Other key Long legislative accomplishments was the box on the tax form that allows people to donate $1 for nonpartisan funding of presidential campaigns, which looks quaint from today’s perspective, but sure, why not. He also carved out the legislation to create employee stock ownership plans and pushed hard for the Child Support Enforcement Act to force deadbeat fathers to pay their child support. He also stuffed a rider into a tax bill that allowed for the National Football League and American Football League to merge without violating antitrust laws. This was a power play move by both Long and Hale Boggs to force the NFL to grant a franchise to New Orleans in return and Pete Rozelle bowed to the senators and announced the creation of the Saints shortly after the bill passed.

And really, Long would do whatever he wanted in these bills. He was that powerful. One thing he learned from his dad and uncle was to bring home the bacon to Louisiana. He was a king of pork. He personally insisted, for example, inserted a provision in a bill that simply created a new federal district court in the middle of Louisiana. Whether such a thing was necessary or not was irrelevant. Long wanted it and thus it happened.

Even on race, Long was, well, OK for a southern senator of the time. He did sign the Southern Manifesto, which he later regretted, but probably corrected realized that to not sign it would mean the end of his political career. And he responded to the Brown decision by calling for a constitutional amendment liming the tenure of Supreme Court justices (objectively, this is a good idea, but not for this decision). But he also supported Alaska and Hawaii statehood, which the South had held up because non-whites might enter Congress. Then of course there was how all his economic legislation would help Black people. The White Citizens Councils and KKK thought he was a race traitor. He voted to outlaw the poll tax on multiple occasions. And Martin Luther King considered Long’s rise to Assistant Majority Leader in 1965 a great thing since no one could better break up the southern bloc against any positive change on civil rights more than Long.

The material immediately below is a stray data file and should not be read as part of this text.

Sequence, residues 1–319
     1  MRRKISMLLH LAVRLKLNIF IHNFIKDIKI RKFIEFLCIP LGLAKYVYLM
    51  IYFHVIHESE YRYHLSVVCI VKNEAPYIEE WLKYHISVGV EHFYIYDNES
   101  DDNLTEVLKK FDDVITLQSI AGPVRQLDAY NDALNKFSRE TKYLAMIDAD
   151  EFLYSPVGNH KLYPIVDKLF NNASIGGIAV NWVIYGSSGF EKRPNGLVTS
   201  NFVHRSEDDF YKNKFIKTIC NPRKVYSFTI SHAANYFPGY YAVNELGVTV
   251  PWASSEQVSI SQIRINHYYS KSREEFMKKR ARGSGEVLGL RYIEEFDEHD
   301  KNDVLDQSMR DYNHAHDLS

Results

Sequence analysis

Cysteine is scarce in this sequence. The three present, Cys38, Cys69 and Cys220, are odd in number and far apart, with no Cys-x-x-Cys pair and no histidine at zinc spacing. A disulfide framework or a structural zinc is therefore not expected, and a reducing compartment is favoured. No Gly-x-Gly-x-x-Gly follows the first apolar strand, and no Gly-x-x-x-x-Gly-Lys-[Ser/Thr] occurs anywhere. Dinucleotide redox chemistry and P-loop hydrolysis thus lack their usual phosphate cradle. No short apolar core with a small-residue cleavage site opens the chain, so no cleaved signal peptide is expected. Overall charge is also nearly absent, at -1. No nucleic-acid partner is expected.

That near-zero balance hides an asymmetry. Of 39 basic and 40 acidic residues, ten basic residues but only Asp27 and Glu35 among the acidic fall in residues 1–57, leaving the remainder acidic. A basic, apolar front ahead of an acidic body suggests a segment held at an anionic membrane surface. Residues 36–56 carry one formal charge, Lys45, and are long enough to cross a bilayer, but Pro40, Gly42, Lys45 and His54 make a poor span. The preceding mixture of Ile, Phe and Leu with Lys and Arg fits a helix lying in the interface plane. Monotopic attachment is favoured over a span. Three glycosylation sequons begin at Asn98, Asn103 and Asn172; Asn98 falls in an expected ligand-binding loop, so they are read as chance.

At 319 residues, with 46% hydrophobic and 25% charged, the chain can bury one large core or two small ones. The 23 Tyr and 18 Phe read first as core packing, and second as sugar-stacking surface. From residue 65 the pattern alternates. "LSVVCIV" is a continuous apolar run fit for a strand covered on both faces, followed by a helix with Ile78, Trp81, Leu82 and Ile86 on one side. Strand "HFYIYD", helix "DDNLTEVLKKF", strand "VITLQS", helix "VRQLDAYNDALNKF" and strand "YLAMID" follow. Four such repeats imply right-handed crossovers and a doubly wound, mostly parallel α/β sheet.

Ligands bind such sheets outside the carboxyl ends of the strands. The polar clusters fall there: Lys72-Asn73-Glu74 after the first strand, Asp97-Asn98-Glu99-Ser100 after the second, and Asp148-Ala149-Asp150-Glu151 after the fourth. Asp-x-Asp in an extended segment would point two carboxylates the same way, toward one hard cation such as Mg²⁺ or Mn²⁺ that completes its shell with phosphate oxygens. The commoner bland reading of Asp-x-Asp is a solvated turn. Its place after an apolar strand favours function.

Long continued this kind of moderate tax policy first work through the Carter administration. He didn’t care for Carter because the president’s green energy policy (his one good policy area) went after Long’s beloved fossil fuel industry, which he would do anything to protect. But they worked together on things such as the Panama Canal treaty.

In 1986, Long decided to step aside. He didn’t have to. He managed to get a Democrat to replace him in John Breaux. He just wanted to retire. He went into lobbying and made money. He died in 2003, at the age of 84.

In the end, Long was not a liberal. He was a pragmatic guy who wanted to get things done in a slow and methodical way that didn’t overturn the apple cart much, but would slowly move the nation forward. For freaking Louisiana, I will take it.

Russell Long is buried in Roselawn Memorial Park, Baton Rouge, Louisiana.

If you would like this series to visit other senators elected in 1948, you can donate to cover the required expenses here. Richard Russell is in Winder, Georgia and James Eastland (puke) is in Forest, Mississippi. Previous posts in this series are archived here and here.